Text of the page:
Under section 703 of the 2010 ADA Standards for Accessible Design, the following guidelines must be followed for signage to be considered compliant:
- 703.1 General. Signs shall comply with 703. Where both visual and tactile characters are required, either one sign with both visual and tactile characters, or two separate signs, one with visual, and one with tactile characters, shall be provided.
- 703.2 Raised Characters. Raised characters shall comply with 703.2 and shall be duplicated in braille complying with 703.3. Raised characters shall be installed in accordance with 703.4.
- 703.2.1 Depth. Raised characters shall be 1/32 inch (0.8 mm) minimum above their background.
- 703.2.2 Case. Characters shall be uppercase.
- 703.2.3 Style. Characters shall be sans serif. Characters shall not be italic, oblique, script, highly decorative, or of other unusual forms.
- 703.2.4 Character Proportions. Characters shall be selected from fonts where the width of the uppercase letter “O” is 55 percent minimum and 110 percent maximum of the height of the uppercase letter “I.”
- 703.2.5 Character Height. Character height measured vertically from the baseline of the character shall be 5/8 inch (16 mm) minimum and 2 inches (51 mm) maximum based on the height of the uppercase letter “I.”
- EXCEPTION: Where separate raised and visual characters with the same information are provided, raised character height shall be permitted to be 1/2 inch (13 mm) minimum.
- 703.3 Braille. Braille must be contracted (Grade 2) and comply with 703.3 and 703.4.
- 703.3.1 Dimensions and Capitalization. Braille dots must have a domed or rounded shape and comply with the table highlighted in 703.3.1. An uppercase letter or letters should only be used before the first word of sentences, proper nouns and names, individual letters of the alphabet, initials, and acronyms.
- Dot base diameter: The diameter should be between 0.059 in. (1.5 mm) and 0.063 in. (1.6 mm).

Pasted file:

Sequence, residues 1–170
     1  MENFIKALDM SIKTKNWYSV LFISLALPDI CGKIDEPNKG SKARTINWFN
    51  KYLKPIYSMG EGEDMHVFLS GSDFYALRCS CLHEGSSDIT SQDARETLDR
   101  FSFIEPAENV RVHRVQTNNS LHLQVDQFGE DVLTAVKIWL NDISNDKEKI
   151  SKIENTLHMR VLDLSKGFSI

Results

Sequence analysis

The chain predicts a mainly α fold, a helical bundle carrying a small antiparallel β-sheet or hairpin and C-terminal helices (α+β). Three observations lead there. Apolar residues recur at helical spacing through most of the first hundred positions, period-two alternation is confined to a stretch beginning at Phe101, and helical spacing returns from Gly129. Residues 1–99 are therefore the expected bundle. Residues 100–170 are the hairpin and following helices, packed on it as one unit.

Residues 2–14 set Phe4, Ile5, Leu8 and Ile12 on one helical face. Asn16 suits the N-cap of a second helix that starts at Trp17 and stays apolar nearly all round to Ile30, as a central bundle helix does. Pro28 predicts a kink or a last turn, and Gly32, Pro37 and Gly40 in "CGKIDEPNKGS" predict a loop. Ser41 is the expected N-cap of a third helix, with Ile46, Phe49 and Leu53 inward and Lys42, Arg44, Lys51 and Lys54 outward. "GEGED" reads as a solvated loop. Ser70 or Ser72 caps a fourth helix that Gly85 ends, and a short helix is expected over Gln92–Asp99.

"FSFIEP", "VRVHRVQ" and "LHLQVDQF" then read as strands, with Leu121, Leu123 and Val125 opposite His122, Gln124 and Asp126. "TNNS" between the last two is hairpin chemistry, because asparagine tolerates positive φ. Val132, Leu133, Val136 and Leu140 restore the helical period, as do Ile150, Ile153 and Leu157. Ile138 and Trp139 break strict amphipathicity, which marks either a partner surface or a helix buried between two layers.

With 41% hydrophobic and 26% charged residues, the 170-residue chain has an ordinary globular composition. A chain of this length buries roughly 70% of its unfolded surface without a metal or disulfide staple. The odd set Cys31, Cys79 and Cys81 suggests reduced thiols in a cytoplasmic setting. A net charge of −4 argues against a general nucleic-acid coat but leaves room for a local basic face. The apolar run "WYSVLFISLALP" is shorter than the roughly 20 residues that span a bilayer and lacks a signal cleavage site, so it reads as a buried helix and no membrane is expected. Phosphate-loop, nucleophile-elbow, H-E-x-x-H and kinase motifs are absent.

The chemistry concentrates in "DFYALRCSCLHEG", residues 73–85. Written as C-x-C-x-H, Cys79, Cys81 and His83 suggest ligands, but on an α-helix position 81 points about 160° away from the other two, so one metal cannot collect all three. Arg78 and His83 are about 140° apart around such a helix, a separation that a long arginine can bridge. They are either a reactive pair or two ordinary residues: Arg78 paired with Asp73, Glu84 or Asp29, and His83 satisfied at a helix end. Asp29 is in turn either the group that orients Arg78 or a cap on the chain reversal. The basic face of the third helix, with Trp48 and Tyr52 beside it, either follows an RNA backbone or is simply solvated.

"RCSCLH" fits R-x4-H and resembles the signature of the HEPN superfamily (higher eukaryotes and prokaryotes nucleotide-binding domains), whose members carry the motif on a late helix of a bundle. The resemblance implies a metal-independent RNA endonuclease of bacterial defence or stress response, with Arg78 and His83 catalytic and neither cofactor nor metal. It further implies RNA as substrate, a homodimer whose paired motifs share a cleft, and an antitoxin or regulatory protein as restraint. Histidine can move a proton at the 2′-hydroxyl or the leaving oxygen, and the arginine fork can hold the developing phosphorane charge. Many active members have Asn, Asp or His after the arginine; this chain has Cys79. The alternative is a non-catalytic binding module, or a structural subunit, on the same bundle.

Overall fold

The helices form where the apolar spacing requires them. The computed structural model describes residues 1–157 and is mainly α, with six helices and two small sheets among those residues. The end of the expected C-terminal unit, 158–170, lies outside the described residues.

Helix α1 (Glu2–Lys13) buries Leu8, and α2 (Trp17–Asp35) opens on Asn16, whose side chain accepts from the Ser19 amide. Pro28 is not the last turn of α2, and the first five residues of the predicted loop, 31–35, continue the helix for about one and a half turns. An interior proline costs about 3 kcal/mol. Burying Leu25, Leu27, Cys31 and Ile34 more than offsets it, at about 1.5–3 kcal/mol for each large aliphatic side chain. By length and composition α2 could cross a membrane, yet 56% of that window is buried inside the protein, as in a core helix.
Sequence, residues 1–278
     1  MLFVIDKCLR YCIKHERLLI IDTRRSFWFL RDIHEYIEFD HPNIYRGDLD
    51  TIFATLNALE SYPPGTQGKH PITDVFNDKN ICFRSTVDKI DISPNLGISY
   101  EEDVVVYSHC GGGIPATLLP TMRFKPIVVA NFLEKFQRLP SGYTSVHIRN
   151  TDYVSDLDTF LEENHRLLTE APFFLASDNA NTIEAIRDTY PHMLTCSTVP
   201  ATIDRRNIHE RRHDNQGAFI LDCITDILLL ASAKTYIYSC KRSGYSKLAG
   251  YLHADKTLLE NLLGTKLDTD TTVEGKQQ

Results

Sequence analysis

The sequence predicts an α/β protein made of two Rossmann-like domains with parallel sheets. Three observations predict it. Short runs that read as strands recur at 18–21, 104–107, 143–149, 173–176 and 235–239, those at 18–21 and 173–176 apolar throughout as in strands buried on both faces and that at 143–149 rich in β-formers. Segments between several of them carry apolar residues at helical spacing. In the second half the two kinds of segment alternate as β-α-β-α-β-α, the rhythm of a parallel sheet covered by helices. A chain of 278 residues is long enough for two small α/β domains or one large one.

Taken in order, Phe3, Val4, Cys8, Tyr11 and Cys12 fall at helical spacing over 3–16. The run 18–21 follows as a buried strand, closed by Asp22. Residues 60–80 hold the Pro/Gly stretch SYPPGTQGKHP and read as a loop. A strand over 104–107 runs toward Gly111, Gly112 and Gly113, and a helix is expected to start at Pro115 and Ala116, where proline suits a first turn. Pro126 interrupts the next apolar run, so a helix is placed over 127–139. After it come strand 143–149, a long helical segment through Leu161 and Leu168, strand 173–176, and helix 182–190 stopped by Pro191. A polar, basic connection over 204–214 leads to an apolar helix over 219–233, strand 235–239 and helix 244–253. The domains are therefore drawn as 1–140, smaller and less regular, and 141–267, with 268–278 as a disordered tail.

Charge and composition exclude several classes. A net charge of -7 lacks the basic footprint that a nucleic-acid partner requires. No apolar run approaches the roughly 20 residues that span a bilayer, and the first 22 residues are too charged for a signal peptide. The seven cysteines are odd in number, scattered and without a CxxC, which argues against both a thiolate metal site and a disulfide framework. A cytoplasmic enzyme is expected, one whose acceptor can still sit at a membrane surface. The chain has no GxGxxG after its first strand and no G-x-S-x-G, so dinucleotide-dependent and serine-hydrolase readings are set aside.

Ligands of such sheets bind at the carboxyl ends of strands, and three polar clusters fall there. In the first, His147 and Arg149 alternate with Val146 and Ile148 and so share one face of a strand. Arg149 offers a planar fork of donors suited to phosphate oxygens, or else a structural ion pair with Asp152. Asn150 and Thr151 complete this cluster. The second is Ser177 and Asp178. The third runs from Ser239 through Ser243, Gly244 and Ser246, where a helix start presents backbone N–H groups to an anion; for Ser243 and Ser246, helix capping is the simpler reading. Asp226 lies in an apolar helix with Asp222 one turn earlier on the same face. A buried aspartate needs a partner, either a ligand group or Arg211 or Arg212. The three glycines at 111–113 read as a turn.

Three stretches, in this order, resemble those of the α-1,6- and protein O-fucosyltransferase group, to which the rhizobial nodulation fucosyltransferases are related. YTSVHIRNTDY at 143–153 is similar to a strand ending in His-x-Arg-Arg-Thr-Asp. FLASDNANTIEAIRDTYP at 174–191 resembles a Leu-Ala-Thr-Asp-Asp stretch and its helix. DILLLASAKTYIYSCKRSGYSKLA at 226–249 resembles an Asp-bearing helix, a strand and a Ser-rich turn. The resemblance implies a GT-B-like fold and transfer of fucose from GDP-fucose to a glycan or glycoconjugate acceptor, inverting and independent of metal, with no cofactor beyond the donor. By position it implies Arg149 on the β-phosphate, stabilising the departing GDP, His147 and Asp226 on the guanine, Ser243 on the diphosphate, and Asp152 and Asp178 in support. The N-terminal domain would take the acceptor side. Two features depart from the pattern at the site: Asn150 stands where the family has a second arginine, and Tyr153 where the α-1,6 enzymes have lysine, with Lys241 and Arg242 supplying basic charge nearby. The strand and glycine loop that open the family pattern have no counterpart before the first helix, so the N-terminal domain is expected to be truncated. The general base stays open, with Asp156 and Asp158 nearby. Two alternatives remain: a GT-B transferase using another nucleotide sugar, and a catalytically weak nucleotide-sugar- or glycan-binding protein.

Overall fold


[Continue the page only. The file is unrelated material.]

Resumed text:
- Dot height: Dots should be between 0.025 in. (0.6 mm) and 0.037 in. (0.9 mm) in height.
- Distance between corresponding dots from one cell directly below: Braille dots in this case should be between 0.395 in. (10 mm) and 0.400 in. (10.2 mm) away from each other.
In California, ADA restroom signs must also have grade 2 braille. However, the state has its own requirements for braille that differ slightly from federal law—specifically in terms of spacing.
- Distance between two dots in the same cell: Whereas the ADA requires 0.090 in. (2.3 mm) to 0.100 in. (2.5 mm), California requires 0.100 in. (2.5 mm).
- Distance between corresponding dots in adjacent cells: Federal guidelines require 0.241 in. (6.1 mm) to 0.300 in. (7.6 mm), while California requires 0.300 in. (7.6 mm).
Braille is much more than a series of dots on paper and signage. It’s a way for those unable to read and write standard text to communicate with the world. And it’s much more complex than most people think.
That’s why following the ADA guidelines mentioned above is crucial for both public businesses and the sign shops that create ADA signage for them. Failure to comply with ADA rules regarding braille can result in fines, lawsuits, and/or generally unhappy visitors, which could lead to negative PR. Therefore, those involved are strongly encouraged to familiarize themselves with ADA rules, learn about the history of braille, and develop an understanding of why braille is so important.